He was trying to be very careful that the new president not become another version of the king.
Totally false statement
Here is a 1907 High Relief $20 gold piece. Many people think that that this is the most beautiful United States coin. Not the the motto, “In God we trust.,” does not appear on the coin. Theodore Roosevelt thought that it was blasphemous because money could be used for immoral purposes, like gambling and prostitution,.
Mass producing the High Relief design was impractical because it took three blows from the dies to strike the coin. The coin had to be heated (annealed) before each strike. Toward the end of the year the design was modified to the low relief format.
Part way through 1908 Congress voted to restore the motto, and it was added to the reverse, above the sun, under the eagle.
This early silver dollar displays one of my favorite designs for “Lady Liberty.”
That’s my favourite too. I call it the barmaid design.
You must be a collector, @akaOldDog, few people know very much about these early coins.
Here’s the highest grade piece I have, an 1800 half dime. This coin is only a little bigger than the nail on your little finger.
There are some lessons to be learned from people like Nathan Bedford Forrest and John Breckenridge. They are had a talent, but their wrong headed ideas led to their political destruction. We should not name schools after them, but they should be remembered in history because they provide us with valuable lessons.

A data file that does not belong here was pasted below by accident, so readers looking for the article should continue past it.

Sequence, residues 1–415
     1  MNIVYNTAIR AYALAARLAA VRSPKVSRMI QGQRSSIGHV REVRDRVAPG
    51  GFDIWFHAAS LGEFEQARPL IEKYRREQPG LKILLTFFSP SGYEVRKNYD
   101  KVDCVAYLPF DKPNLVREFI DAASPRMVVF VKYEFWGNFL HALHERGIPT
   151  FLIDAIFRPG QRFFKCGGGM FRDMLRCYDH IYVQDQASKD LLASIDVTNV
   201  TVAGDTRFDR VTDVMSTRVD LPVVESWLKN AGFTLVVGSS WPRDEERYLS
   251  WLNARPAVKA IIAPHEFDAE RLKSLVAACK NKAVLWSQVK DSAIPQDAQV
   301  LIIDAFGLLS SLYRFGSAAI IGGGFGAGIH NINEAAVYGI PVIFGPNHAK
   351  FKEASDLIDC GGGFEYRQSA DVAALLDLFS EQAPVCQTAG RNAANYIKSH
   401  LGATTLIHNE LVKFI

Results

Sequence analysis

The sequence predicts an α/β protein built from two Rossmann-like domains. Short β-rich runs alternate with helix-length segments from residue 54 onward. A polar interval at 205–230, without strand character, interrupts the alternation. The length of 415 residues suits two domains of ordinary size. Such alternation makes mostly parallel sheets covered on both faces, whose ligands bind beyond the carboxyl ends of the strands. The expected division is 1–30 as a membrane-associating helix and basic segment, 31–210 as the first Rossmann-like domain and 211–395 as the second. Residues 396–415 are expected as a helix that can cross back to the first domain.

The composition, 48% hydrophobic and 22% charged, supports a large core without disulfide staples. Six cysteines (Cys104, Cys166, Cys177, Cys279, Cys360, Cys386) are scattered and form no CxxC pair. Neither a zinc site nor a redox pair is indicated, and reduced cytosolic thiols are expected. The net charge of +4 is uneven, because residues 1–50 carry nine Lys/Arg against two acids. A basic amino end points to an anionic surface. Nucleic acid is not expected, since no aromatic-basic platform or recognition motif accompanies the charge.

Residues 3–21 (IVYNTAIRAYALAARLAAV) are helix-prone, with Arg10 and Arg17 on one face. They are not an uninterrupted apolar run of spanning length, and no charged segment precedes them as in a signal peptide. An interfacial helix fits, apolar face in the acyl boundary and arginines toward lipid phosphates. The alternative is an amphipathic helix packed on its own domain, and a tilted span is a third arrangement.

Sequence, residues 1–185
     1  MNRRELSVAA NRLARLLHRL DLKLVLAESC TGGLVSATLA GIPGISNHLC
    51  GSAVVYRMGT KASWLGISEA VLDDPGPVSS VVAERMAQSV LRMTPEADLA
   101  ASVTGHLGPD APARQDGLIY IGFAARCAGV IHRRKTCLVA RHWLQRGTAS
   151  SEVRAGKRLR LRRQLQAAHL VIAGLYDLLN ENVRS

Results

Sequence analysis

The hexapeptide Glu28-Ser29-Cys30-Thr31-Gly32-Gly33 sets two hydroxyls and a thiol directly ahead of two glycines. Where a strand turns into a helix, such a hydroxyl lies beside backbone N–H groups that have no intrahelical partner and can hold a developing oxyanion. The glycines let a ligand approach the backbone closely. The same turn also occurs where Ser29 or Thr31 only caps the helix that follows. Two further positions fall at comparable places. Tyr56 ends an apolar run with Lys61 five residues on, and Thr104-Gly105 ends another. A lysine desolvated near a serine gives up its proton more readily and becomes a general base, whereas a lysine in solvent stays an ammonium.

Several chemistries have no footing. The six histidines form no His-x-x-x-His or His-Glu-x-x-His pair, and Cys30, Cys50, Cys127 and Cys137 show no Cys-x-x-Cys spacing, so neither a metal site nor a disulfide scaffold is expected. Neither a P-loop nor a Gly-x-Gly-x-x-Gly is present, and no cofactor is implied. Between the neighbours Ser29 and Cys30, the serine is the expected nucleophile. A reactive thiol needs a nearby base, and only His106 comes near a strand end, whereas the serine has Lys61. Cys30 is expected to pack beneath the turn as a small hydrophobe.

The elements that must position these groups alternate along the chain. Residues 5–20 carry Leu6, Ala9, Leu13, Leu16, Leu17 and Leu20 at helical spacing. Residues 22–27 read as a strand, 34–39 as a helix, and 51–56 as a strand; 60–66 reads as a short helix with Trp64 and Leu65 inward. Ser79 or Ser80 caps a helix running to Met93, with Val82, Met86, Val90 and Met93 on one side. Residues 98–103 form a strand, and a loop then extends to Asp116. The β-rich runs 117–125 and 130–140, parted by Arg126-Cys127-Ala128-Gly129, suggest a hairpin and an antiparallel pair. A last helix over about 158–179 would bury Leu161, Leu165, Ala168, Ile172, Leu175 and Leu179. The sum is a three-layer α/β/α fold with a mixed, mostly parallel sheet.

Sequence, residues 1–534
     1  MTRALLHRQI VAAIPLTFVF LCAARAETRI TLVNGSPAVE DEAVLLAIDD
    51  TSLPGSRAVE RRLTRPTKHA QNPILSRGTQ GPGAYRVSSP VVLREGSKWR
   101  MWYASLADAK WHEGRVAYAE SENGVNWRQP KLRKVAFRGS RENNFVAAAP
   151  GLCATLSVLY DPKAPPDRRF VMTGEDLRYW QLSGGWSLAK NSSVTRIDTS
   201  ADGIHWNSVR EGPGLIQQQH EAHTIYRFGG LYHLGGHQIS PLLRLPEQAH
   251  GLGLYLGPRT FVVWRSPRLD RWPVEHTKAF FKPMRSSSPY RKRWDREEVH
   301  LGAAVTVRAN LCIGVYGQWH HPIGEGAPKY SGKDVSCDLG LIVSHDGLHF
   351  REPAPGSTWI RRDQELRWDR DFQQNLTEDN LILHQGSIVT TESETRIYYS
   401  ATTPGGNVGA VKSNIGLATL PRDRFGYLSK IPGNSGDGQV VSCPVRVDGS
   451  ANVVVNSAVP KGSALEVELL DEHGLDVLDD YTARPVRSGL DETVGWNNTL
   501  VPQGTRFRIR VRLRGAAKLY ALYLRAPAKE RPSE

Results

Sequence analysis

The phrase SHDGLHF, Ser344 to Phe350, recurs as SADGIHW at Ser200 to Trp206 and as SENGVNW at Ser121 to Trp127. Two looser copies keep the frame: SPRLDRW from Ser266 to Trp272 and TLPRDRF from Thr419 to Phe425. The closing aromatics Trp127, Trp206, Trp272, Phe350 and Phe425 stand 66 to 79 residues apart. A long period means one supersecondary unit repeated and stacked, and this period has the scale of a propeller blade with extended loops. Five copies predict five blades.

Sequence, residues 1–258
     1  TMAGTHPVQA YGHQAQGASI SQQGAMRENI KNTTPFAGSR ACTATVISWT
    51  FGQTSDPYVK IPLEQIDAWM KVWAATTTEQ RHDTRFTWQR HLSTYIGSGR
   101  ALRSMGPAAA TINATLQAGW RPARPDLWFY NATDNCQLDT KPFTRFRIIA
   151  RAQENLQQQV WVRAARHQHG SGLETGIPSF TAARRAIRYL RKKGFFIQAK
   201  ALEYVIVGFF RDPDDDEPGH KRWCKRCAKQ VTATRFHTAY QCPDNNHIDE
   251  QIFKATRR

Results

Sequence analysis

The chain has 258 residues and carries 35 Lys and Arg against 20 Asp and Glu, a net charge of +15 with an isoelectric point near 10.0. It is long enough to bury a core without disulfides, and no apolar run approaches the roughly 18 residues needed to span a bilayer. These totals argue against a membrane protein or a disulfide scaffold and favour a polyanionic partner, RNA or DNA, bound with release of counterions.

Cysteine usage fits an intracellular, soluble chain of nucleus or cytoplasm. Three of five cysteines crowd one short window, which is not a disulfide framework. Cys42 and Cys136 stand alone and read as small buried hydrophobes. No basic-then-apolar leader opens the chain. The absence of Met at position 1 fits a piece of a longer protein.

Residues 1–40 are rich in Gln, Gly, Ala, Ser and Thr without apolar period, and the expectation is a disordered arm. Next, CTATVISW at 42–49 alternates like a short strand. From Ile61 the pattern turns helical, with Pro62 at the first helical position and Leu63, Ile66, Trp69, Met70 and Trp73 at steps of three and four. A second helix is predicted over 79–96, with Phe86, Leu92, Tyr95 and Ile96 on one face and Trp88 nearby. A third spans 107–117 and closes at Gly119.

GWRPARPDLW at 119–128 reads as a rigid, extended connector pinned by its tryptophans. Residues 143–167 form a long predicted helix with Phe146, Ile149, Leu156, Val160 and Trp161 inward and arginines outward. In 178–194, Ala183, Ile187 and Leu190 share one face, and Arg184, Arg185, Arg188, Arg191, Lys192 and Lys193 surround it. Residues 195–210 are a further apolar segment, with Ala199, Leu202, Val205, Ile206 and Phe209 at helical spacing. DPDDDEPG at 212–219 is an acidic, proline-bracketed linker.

Of course if you like the people you support, @Unitedwestand, you totally ignore historical lessons because you have to re-start civilization. Nothing that happened before matters.
For the record, John Breckenridge was the youngest vice president in history at age 35 (1857 - 1861) He served under James Buchanan. He ran for President in 1860 under the pro-slavery expansion Democrat ticket. After finishing second in the election, Tennessee elected him to be one of their senators. His pro-southern views got him indicted for treason, and he fled south. There he joined the Confederate Army and because a successful general.
After the war he went into exile in Canada and Europe before he returned to the United States. At one point President Grant asked him to serve in the Government. He refused. He died circa 1875 from diseases he caught while he was fleeing Federal Forces in Florida. He was an example of person with a great deal of talent who made the wrong choices.
Here is an 1860 Breckenridge presidential campaign ferrotype. And yes, these pieces are quite scarce.
Wait, what? How did we go from fascism to coins?
1/6 was a nothingburger.
Oops, wrong thread. Meant to post this in the Gulag thread.
Fascists want to erase our history, our heroes and our culture with their reality. The best way to that is to let them re-write the history and destroy images of the past. Coins are reminders of our past.
Not only is there now a “war on cash,” both coins and bills, but there seems to have been a war on coins for decades. The penny has been a worthless nuisance at least since I was in college in the '80s. (I caught my college roommate sweeping up a penny with the dust and discarding it. After some thought I realized that was reasonable.) Why is it still being minted?
And why is there no practical sized dollar and five dollar coin? We should have gotten rid of at least pennies and maybe nickels and dimes long ago and added larger denomination small coins.
Now there are signs posted at grocery store checkouts that “there’s a national coin shortage.” Most people use credit cards, so the coin shortage is clearly intentional.
Every electronic transaction can be monitored by our increasingly nanny state which makes harassment easier.